Dissection in the midline raphe is performed to separate the strap muscles. The strap muscles are dissected off the thyroid gland, exposing the lobe(s) of interest. The pyramidal lobe is dissected off from the thyroid cartilage if it is identified, and isthmusectomy is performed subsequently. Once the thyroid lobe is freed off the trachea medially, the superior pole is addressed. Careful dissection of the superior lobe is performed ligating one vessel at a time (Fig. 3A). The superior parathyroid gland is identified and preserved first. Then the thyroid lobe is retracted inferiorly to facilitate the identification of the recurrent laryngeal nerve (RLN) at its entry point into the larynx around cricothyroid articulation (Fig. 3B). Once the RLN is identified and carefully preserved, the Berry's ligament is addressed. The dissection is then carried out inferiorly to identify and to preserve the inferior parathyroid gland. Once the inferior lobe is free off of its surrounding soft tissue, hemithyroidectomy is complete. The contralateral lobectomy can be completed at the same time if necessary without any additional incision.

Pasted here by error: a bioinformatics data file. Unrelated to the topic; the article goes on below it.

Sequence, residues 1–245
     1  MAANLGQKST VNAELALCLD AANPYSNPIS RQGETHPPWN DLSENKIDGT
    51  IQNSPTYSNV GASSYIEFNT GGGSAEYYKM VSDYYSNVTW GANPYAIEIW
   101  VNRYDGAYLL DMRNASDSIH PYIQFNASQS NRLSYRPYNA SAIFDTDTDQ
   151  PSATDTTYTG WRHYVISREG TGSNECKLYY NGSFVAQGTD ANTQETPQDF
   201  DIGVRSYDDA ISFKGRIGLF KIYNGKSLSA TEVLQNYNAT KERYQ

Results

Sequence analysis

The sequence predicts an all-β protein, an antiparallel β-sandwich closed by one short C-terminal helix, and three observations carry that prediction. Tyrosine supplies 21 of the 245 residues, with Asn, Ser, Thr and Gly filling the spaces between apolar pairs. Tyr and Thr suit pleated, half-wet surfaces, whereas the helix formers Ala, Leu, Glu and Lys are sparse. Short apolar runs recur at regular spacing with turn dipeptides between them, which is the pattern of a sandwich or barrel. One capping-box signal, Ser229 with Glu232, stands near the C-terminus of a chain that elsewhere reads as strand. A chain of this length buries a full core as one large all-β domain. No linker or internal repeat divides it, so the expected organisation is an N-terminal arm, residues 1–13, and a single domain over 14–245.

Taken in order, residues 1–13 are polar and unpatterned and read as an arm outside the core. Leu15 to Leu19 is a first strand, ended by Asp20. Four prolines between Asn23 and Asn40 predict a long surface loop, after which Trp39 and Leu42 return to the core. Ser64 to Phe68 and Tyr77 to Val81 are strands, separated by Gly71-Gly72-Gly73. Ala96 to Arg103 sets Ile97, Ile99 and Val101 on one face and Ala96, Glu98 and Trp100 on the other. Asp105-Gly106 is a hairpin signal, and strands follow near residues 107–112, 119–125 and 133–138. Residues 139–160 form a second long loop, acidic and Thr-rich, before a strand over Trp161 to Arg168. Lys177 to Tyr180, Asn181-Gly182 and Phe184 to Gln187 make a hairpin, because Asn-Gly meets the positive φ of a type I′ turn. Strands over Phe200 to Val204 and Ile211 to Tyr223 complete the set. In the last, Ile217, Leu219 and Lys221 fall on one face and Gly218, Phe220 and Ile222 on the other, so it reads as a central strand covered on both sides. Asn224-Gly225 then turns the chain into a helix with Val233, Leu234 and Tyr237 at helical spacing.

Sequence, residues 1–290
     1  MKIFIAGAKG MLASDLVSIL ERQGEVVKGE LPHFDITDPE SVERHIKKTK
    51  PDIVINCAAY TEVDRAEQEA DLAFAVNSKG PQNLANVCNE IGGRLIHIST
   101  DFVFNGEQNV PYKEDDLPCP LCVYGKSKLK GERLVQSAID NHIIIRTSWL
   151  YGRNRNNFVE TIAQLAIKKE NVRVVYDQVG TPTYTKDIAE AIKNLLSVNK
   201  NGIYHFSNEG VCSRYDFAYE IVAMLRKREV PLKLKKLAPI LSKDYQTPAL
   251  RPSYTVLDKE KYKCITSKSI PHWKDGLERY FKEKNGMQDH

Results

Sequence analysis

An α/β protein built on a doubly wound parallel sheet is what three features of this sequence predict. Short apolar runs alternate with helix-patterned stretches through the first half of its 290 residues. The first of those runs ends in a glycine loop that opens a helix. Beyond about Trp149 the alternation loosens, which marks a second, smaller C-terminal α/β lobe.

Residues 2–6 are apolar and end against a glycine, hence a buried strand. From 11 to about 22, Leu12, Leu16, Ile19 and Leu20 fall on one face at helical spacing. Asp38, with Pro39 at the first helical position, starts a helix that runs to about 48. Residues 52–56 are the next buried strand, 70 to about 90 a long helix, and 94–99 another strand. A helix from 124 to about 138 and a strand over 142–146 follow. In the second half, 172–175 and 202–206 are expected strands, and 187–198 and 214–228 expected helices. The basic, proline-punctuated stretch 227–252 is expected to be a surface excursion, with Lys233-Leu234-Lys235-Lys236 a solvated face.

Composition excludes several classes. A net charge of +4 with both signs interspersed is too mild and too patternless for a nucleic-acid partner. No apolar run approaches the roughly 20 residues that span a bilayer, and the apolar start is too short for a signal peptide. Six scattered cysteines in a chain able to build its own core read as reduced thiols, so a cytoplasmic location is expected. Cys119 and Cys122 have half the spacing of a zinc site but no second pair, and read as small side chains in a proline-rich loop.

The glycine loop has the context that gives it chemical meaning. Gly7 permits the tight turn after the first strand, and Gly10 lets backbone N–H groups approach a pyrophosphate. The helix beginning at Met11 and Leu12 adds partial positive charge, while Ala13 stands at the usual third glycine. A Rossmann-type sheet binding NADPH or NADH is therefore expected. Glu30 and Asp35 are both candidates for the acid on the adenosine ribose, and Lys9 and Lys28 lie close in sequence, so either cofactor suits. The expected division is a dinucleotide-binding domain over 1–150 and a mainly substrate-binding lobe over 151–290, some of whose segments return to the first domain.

Fig. 3
The surgical steps of transoral robotic thyroidectomy. (A) Ligation of the superior thyroidal vessels of the right thyroid gland. (B) Identification of the left recurrent laryngeal nerve (arrowheads) and superior parathyroid gland (black arrow). (C) Completion of left thyroidectomy preserving recurrent laryngeal nerve (arrowheads). *: thyroid gland
Click for larger image